Posted by: johnhourihan | February 26, 2012

Just a bird in a cage


Birds are supposed to be free.

Just a freebird

Sweet Genevieve was a quiet woman.
I only saw her really angry once. It was the day I learned a lesson about how not to treat a bird or a woman.
Born in 1919, by the mid-1940s when I first met her, she was in total retreat from the onslaught of having had her fifth child in seven years. I often wonder, if there had been a birth control pill back then when would she have started taking it.
We all lived in a cedar-shingled five-room hovel in the woods, a quarter mile off the road, five miles from town. No car.
For me it was idyllic: Pussy-willows and milkweed, axes, pellet guns, trees to climb, and a granite quarry just for fun.
For her, less so.
And even less after having Dennis and Cornelius within the next three years.
Seven children in a five-room house, and Scrapper Jack finding every opportunity he could to escape to Tibby’s or Gallagher’s for a pint or two.
Who could blame him?
Two very important things were pretty much missing back then — divorce and welfare.
On a seven-year-old summer morning, I awoke to breakfast and her smiles. She was a warm woman with only one emotion that we saw. She loved everything, smiled constantly and she was smiling now over oatmeal and tea.
She walked me to the back porch screen door and asked, “Are you going to the DeBoers’?”
That was the home of the grandparents of the red-headed Linda Chalmers, so of course I said, “Yes.”
I walked the matted warm path toward the next farmhouse, but no one was there.
Some special trip I guessed, and went back home.
I sat next to the barn and tossed rocks at the chickens for a while and then walked the path around the back stand of elms to the blackberry bushes.
Then I remembered something my father had taught me. There was something I could do, a cure for the boredom.
I pushed the heavy wooden barn door and it scraped along the dirt as it opened, and I rummaged through the dark dusky heat and stench of the August barn.
I found the box I wanted. I had had my eye on it since my mother brought it home full of books from the auction for a dime. The books were in the little room under the bed, but here was the cardboard box.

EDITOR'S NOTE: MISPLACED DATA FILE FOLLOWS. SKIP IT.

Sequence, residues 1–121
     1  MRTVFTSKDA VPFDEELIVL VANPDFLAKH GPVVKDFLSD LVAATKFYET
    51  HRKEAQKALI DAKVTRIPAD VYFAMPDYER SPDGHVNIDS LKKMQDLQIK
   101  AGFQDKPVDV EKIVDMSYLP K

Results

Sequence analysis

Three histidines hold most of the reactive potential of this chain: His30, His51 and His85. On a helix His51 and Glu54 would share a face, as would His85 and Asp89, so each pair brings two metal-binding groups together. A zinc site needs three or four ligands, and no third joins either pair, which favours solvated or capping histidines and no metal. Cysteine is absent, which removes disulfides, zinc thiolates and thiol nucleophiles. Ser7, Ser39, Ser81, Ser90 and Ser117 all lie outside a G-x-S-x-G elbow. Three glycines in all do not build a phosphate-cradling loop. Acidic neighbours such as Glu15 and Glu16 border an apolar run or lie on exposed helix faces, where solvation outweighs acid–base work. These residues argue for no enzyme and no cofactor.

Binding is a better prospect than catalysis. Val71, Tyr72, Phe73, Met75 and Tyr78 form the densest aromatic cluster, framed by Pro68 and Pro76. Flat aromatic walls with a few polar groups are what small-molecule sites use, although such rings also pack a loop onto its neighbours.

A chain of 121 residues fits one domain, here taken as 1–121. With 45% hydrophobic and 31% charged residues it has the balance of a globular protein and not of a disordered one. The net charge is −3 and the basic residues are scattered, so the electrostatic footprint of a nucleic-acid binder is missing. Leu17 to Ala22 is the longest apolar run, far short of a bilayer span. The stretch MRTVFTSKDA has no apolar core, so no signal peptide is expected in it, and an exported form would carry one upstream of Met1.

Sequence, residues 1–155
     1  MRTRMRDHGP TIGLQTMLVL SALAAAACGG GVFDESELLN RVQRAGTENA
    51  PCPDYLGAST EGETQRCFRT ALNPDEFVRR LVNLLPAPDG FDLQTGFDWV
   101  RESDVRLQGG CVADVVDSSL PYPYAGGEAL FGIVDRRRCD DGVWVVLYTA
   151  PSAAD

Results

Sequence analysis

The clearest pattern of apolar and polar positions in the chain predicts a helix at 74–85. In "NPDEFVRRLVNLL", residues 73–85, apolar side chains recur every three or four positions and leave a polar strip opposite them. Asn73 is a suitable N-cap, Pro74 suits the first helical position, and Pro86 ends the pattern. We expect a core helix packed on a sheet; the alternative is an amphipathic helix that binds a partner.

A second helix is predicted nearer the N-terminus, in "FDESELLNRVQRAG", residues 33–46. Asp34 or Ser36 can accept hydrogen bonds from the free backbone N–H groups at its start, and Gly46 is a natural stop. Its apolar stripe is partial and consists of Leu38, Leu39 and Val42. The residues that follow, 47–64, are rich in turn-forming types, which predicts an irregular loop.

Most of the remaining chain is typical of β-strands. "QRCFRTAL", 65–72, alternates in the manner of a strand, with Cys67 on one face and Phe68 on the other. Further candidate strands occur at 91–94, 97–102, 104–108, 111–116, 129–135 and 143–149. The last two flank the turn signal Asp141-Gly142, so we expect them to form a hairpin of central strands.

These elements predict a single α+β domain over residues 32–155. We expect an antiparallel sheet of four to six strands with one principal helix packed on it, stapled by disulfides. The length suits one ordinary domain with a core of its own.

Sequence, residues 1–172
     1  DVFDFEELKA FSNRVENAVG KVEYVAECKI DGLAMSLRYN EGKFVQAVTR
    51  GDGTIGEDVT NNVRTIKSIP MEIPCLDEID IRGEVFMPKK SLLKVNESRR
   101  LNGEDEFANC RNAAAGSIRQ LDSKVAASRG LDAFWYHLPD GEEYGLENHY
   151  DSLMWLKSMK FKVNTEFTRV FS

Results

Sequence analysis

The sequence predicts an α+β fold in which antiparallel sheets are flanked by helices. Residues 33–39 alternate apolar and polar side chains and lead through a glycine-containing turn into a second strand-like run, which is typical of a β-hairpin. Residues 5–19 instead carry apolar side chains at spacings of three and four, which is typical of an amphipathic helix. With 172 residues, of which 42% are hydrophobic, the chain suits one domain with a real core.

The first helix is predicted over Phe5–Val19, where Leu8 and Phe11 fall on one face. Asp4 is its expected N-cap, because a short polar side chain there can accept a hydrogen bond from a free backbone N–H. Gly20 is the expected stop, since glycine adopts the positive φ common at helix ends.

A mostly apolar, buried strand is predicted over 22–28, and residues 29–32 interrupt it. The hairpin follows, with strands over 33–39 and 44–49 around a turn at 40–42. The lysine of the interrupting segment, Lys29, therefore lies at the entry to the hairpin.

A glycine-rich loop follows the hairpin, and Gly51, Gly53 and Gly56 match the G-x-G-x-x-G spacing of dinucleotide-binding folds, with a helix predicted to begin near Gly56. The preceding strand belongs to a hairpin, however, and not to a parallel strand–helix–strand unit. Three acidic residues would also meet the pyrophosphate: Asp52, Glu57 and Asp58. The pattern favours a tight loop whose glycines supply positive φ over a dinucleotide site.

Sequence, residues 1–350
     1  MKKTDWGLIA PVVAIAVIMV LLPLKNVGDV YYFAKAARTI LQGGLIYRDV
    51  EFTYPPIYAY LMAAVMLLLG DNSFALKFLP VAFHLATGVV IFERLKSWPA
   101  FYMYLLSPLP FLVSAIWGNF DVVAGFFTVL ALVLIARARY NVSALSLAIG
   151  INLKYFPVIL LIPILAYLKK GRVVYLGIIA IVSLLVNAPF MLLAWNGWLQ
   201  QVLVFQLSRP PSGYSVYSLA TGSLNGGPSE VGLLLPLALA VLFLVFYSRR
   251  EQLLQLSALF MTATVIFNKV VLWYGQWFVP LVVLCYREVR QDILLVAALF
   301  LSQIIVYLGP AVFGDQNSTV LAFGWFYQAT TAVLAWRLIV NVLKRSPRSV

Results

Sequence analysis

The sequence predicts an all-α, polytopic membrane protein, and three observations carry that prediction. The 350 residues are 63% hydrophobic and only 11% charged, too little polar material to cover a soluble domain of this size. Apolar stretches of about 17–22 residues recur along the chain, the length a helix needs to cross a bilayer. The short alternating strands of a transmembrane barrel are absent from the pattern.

Outside I propped it against the house and went inside.
I took a slice of bread from the pantry. She saw me and I caught her smiling again, “Do you want that toasted?”
“No this is fine.”
I didn’t want to give her anything else to do. She had her washing and cooking and all the other mother things she had to do like waxing the linoleum.
Back in the barn, I grabbed one of the old baseballs, one that had the cover torn off, and unraveled some string, about fifteen feet.
I grabbed a stick from next to the dead DeSoto and walked off toward the other side of the house.
I spread out the bread and propped the box up over it with the stick, tied the string to the stick and backed off the whole fifteen feet and waited.
Finally it happened. An oriole stepped under the box and pecked at the bread. I yanked the string, the box dropped and I had her.
Just to make sure, I put a rock on top of the box, but this bird was strong and I found myself piling rock after rock on top just to keep her from getting free.
I pondered my predicament.
I had trapped the bird, but if I lifted the box she would get out, so there was no way I could actually possess it, all I could do was keep it caged for a while.
I went to get another rock, but the screen door hit me full force. I fell on my backside in the dirt near the garden hose as Sweet Genevieve shot past me glancing a stare that could freeze water and frighten the dead.
She wagged her finger at me and stared red-faced for a few seconds. No words would come out. Then she took a few quick steps and kicked the box into the air.
“Never,” she shouted, storming directly at me, “Never put any living thing in a cage.”
“But it’s just a bird,” I protested. She didn’t listen.
As she stepped back into the breezeway and her daily work, I thought I heard her say, “Great job, Jack.”
I thought about this day often.
She had never lost her temper with me before or again, and I gave her plenty of reason.
It wasn’t long before I was old enough to understand her anger, and the incredible love she must have had to stay trapped beneath the roof of that hovel in the woods with seven children piled on and Scrapper Jack just being himself.

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Responses

  1. Glad I wasn’t born later in life or I wouldn’t have been born. I bet your glad I wasn’t either. Right?

  2. I’m glad that I was privileged to have known Genevieve for at least a few years. I too, only experienced a very happy woman with a wonderful sense of humor who knew how to handle pain when it did come her way. We are all very fortunate to have had her in our lives.

    Charlie

  3. I love this. The symbolism of the bird and Genevieve. How Genevieve felt trapped but couldn’t let other living things feel trapped. I have been there, but now I am no longer. Kind of inspiring..


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